One of the strangers explains that they need Harlow’s help. She is the only who can defeat Avery-Oliver, whoever the fuck that is, before he destroys the world.

Harlow asks what happens if she refuses. Um…they kind of just said. HE DESTROYS THE FUCKING WORLD. You really shouldn’t be thinking about whether or not you’re going to refuse, you should be trying to determine whether you can trust their judgment on whether the world will really be destroyed. Priorities, people.

The man explains that a creature was released from his prison under the earth, who I take it is Xanthippe. Xanthippe, supposedly, will grant a wish to the blood of whoever freed him. Avery Oliver was the one who freed him, and Harlow is his descendant. Therefore, Harlow needs to wish the Fel Nerr Zu San Vech book of spells out of existence.

Wow. This is…amazing. We’re finally starting to figure out who the fuck all these characters are and what their endless prattlings were about. Sure, it doesn’t make sense. After all, if Avery Oliver is still alive (as he must be, since he is going to destroy the world) wouldn’t Xanthippe give the wish to him, rather than his descendant?

We also learn that the guy talking is married to a woman named Ever Pine, an elf, who is Harlow’s ancestor. Ever Pine is a queen, which means Harlow…is of noble blood.

Well. Of course. Normal people can’t accomplish jack shit. It all depends on who your parents were, that’s what makes you special.

Anyway, Harlow wants a wish. They agree. Harlow says she wants them to take her to the Elves. They agree. One of the strangers reveals herself as Master Smith, who asks about Roswell. Harlow explains that he’s dead, and a Dramatic Single Tear slips down her cheek.

Drinks: 35


  11 Responses to “Part 9: Highly Lethal”

  1. The Roswell vs. Frog was the only part in the book where I actually laughed. Then I heard the joke was stolen wholesale from some TV program. I stopped laughing.

    “I ??? thee firm / I ??? thee inflexible / I ??? thee fluid / I ??? thee in the dark / I ??? thee in the light”

    so I decided to just assume it meant “fuck” which turned it from being a rather boring ballad to a hilariously obscene ballad.

    Call the press. We’ve found some more lost works of Shakespeare.

    Elvish doesn’t have its own sentence structure and grammatical rules, it’s literally just a word-for-word substitution with English because that is how languages work. […] You’d think that for the Elvish-English section it would be under D for defett or that it would be under the L section in the English-Elvish section but that’s a no on both counts.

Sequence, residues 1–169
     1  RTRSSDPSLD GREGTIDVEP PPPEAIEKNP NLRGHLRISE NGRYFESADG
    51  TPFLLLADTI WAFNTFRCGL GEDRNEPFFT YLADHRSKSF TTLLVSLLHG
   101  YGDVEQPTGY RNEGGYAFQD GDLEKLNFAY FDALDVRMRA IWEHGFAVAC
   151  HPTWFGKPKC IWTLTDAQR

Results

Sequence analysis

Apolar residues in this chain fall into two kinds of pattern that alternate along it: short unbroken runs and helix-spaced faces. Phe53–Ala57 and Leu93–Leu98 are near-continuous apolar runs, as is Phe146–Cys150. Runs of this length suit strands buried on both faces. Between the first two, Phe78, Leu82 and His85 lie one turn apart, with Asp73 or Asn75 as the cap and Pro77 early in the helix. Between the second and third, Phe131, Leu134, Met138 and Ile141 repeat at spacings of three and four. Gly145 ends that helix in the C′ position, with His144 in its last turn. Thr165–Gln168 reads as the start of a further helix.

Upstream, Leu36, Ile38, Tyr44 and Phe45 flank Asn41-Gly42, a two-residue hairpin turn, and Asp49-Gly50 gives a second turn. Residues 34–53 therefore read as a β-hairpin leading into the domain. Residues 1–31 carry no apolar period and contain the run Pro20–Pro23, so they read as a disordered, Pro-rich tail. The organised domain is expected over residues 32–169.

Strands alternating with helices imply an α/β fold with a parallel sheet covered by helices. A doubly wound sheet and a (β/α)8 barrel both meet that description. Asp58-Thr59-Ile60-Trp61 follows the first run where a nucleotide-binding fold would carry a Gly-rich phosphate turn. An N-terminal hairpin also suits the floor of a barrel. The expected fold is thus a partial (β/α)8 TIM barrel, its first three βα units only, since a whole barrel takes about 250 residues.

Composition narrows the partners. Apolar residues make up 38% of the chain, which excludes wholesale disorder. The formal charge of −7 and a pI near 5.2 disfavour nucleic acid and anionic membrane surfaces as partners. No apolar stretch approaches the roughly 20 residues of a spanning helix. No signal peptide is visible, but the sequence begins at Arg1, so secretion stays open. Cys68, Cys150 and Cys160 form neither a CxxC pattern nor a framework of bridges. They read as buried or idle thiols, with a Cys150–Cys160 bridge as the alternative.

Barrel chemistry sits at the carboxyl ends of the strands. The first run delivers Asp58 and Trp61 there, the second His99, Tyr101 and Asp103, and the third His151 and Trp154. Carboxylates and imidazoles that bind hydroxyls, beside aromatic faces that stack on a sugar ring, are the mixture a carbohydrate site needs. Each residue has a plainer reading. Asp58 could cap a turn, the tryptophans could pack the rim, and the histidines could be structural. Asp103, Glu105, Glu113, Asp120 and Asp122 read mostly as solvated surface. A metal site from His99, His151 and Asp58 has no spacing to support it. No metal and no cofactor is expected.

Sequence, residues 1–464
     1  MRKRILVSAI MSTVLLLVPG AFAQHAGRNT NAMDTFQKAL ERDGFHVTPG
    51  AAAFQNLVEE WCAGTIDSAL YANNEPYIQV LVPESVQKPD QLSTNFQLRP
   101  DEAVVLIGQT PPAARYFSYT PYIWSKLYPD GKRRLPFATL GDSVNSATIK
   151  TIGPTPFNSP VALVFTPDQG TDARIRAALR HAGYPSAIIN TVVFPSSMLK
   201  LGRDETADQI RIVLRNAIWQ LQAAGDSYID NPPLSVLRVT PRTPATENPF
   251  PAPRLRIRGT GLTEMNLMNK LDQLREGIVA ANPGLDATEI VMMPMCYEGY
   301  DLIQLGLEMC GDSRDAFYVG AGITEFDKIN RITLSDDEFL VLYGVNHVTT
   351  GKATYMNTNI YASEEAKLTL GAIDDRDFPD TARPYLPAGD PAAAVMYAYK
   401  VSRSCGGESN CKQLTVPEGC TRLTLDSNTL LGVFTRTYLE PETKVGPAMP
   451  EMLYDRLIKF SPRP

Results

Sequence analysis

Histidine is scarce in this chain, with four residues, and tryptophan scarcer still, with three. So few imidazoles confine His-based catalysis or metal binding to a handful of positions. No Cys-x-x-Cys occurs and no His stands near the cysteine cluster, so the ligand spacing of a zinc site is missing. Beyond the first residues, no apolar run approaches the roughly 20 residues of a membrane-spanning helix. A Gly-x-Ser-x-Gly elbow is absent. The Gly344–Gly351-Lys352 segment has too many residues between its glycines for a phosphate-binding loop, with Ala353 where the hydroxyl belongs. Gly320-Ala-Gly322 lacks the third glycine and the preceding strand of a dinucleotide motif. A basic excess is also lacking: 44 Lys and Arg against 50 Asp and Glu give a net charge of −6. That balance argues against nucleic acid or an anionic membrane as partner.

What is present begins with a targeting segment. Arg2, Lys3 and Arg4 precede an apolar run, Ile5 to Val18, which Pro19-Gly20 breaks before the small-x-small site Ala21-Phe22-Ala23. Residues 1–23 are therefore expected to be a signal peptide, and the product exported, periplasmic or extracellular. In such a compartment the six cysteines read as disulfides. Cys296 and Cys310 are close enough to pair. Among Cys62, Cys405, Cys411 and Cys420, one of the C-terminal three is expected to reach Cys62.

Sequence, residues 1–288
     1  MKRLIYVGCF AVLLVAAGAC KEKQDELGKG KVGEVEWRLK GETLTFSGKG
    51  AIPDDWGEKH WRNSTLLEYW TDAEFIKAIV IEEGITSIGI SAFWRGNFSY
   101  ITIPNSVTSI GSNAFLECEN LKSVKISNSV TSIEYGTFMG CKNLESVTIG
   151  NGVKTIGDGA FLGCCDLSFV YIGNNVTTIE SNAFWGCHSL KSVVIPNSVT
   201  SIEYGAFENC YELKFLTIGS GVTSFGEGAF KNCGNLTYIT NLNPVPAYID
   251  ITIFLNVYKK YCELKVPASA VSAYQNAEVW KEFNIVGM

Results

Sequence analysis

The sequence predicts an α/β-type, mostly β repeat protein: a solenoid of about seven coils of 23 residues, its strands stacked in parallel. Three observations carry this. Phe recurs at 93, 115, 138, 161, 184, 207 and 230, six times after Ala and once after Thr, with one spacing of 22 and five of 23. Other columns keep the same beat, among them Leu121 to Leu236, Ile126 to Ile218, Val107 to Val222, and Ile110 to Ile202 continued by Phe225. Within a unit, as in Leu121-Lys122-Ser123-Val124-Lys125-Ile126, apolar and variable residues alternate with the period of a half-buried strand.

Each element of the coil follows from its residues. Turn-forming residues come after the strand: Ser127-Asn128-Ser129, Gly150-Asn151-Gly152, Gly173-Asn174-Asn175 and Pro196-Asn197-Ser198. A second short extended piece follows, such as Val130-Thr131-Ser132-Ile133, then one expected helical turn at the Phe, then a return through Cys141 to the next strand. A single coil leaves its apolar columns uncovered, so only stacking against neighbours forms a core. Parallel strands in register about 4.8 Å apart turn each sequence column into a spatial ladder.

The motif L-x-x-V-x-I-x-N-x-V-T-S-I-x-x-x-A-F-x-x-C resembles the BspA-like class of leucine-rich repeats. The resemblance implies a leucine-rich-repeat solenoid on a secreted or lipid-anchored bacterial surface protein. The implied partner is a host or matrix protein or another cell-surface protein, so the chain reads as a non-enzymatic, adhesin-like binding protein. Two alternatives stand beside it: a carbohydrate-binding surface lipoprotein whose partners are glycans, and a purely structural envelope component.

This is actually something that peeved me a little bit about Skyrim – this is exactly how the dragon language works there. Grammar doesn’t matter that much in art languages, but like with all forms of art, the effort you put in them should probably be proportional to the overall quality of output. Skyrim’s dragon language doesn’t have a particularly huge vocalbulary so I don’t think they failed too hard.

    A free hint to would-be fantasy writers: If you ever make languages for your projects, think of the grammar and do bilingual word lists (A to B and B to A) because the usage of the words is kind of important and you need to add usage notes anyway. I even wrote a piece of software to deal with the dictionary. (Don’t go looking for it, it doesn’t build and work properly right now =)

    And I really recommend The Klingon Dictonary, just for inspiration if not anything else. Constructed languages are fun!

  2. The only thing highly lethal about this is the amount of alcohol you consume while sporking.

    Also, am I the only one who, upon reading the magical book’s idiotic name, thought Zur En Arrh by Grant Morrison?

  3. Hoo blub, I say!!

  4. Lol! The dramatic single tear of the Alagaesians!

  5. I can’t get over “Hoo blub.”

  6. Yeah, this Elven language is quite a mixture, alternating between vaguely Latinate words and stuff like “hoo blub”, which seems more appropriate to the language of trolls. Mind you, I know that quite poetic sounds in one language can sound silly in direct transliteration to other ones, but still, authors need to pay some consideration to how it sounds/looks to an English.

  7. Blub is water! Come on! Can’t you see how that would look totally cool to an eighth grader! **Awkward laugh and sulks away**

  8. I can’t shake off the image of Ebenezer Scrooge going “Baaaah Hoo Blub!”

    Edit: now that I think about it, that could be the Ent version of Scrooge. Ooom Hoom Blub.

  9. But wouldn’t it be “bah hoo blub?”

  10. Maybe it’s an Ent with a speech impediment?

  11. The scene where Roswell tosses the frog into the room rather than solve the riddle is stolen from the movie “The 10th Kingdom.” It even has the line about “only my girlfriend can touch me there.” Bad writing is one thing, but plagiarism AND bad writing? Grrr.